“Only a God could bring about this miracle of resurrection. As a teacher of righteousness, Jesus could inspire souls to goodness; as a prophet, he could foreshadow the future; as an intelligent leader of men, he could organize a church; and as a possessor and magnifier of the priesthood, he could heal the sick, give sight to the blind, even raise other dead; but only as a God could he raise himself from the tomb, overcome death permanently, and bring incorruption in place of corruption, and replace mortality with immortality. …
“No human hands had been at work to remove the sealed door nor to resuscitate nor restore. No magician nor sorcerer had invaded the precincts to work his cures; not even the priesthood, exercised by another, had been brought in use to heal, but the God who had purposefully and intentionally laid down his life had, by the power of his godhead, taken up his life again. … The spirit which had been by him commended to his Father in Heaven from the cross, and which, according to his later reports, had been to the spirit world, had returned and, ignoring the impenetrable walls of the sepulcher, had entered the place, re-entered the body, had caused the stone door to be rolled away, and walked in life again, with his body changed to immortality, incorruptible—his every faculty keen and alert.
“Unexplainable? Yes! And not understandable—but incontestable. More than 500 unimpeachable witnesses had contact with him. They walked with him, talked with him, ate with him, felt the flesh of his body and saw the wounds in his side and feet and hands; discussed with him the program which had been common to them, and him; and, by many infallible proofs knew and testified that he was risen, and that that last and most dreaded enemy, death, had been overcome. …
“And so we bear testimony that the being who created the earth and its contents, who made numerous appearances upon the earth prior to his birth in Bethlehem, Jesus Christ, the Son of God, is resurrected and immortal, and that this great boon of resurrection and immortality becomes now, through our Redeemer, the heritage of mankind” (The Teachings of Spencer W. Kimball, ed. Edward L. Kimball , 17–18).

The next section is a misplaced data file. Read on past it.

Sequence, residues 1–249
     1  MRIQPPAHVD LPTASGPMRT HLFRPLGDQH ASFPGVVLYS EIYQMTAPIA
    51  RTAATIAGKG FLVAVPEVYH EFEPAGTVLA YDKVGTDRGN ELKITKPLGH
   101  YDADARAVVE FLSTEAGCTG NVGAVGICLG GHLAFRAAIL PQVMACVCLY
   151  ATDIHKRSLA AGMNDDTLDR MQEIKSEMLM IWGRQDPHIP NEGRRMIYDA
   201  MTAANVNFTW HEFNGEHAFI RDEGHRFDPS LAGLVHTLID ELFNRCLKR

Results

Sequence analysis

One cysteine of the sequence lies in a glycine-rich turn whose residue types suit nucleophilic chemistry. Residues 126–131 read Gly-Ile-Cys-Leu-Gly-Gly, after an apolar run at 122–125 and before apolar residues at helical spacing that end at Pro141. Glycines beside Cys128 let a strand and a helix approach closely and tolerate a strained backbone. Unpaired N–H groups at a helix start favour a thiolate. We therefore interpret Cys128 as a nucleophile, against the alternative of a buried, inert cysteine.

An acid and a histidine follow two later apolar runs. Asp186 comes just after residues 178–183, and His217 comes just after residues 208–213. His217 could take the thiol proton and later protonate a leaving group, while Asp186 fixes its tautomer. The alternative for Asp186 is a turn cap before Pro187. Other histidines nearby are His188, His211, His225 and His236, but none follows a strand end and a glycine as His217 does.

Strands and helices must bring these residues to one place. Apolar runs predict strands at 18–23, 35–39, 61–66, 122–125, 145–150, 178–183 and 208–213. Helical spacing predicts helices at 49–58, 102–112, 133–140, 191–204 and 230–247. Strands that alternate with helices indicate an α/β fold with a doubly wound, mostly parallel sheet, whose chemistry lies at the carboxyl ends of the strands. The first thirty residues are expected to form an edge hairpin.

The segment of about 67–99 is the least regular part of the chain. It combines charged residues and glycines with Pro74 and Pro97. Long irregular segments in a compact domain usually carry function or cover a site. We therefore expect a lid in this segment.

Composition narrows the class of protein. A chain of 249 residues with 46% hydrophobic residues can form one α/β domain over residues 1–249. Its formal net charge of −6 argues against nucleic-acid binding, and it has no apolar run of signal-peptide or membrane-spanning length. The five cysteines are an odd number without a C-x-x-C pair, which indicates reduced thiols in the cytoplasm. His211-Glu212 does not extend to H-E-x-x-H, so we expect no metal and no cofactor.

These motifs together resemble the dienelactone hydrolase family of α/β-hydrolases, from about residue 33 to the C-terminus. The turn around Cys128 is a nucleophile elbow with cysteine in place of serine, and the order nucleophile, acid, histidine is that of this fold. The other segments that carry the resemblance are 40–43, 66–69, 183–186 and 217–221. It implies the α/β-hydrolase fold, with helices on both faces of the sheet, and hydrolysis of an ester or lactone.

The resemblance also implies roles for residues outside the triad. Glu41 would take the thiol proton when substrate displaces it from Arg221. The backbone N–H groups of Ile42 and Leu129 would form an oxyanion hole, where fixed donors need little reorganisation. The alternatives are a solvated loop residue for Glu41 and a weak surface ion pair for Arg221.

The Easter Bunny is not a modern invention. The symbol originated with the pagan festival of Eastre. The goddess, Eastre, was worshiped by the Anglo-Saxons through her earthly symbol, the rabbit.
The Germans brought the symbol of the Easter rabbit to America. It was widely ignored by other Christians until shortly after the Civil War. In fact, Easter itself was not widely celebrated in America until after that time.
The Easter Egg
As with the Easter Bunny and the holiday itself, theEaster egg predates the Christian holiday of Easter. The exchange of eggs in the springtime is a custom that was centuries old when Easter was first celebrated by Christians.
From the earliest times, the egg was a symbol of rebirth in most cultures. Eggs were often wrapped in gold leaf or, if you were a peasant, colored brightly by boiling them with the leaves or petals of certain flowers. Today, children hunt colored eggs and place them in Easter baskets along with the modern version of real Easter eggs — those made of plastic or chocolate candy.
Activity~ Dye Easter eggs and have a Easter egg hunt.
Prep Time: 10 min (not including thaw time)
Bake Time: 15 min
- 12 Rhodes Texas™ Rolls, thawed but still cold
- 12 jumbo marshmallows
- 1/4 cup butter, melted
- 1/4 cup sugar
- 1 tablespoon cinnamon
- In a small bowl combine cinnamon and sugar.
- Roll out each roll into a 5 inch circle.
- Dip a marshmallow in butter and then in the cinnamon sugar mixture.
- Place one marshmallow in the center of each 5 inch circle.
- Fold each side of the circle over the marshmallow, and pinch together to close.
- Place on a sprayed baking sheet, with the seam facing down.
- Cover with sprayed plastic wrap, and allow to double in size.
- Remove wrap and bake at 350°F for 15 minutes or until lightly browned.
*For those of you who are interested in the symbolism of Resurrection Rolls* Marshmallow – the body of Jesus Melted Butter – the oils for embalming Cinnamon/Sugar mixture – spices used to anoint the body Roll- the wrapping of Jesus’ body Oven – the tomb Cavity in roll – the empty tomb after Jesus has risen.
Photo and recipe credits for Resurrection Rolls: RhodesBread.com.
Makes 24 (1 cupcake) servings.
Prep Time: 20 minutes
Cook Time: 20 minutes
1 package (18 1/4 ounces) white cake mix
1 container (16 ounces) vanilla frosting
Flaked coconut (about 1 cup for each desired color)
Candies for decorating, such as jelly beans or gum drops (optional)
1. Prepare and bake cake mix as directed on package for cupcakes. Cool on wire racks. Frost cupcakes.
2. Place coconut in large resealable plastic bag. Squeeze food color into coconut (use 5 to 6 drops desired food color to 1 cup coconut). Shake until color is evenly distributed.
3. Sprinkle frosted cupcakes with tinted coconut. Decorate as desired with candies.
Our last thoughts: We hope that you have enjoyed the selection of talks and other works for this lesson on Easter week.
Be sure to check out all the links for the excerpts for more on the incredible talks on these great events. All that we posted, doesn’t even give these sacred topics justice.
Challenge yourself, family or FHE groups/wards to study these topics throughout this week in preparation for Easter Sunday.
Share your thoughts with us by leaving comments below.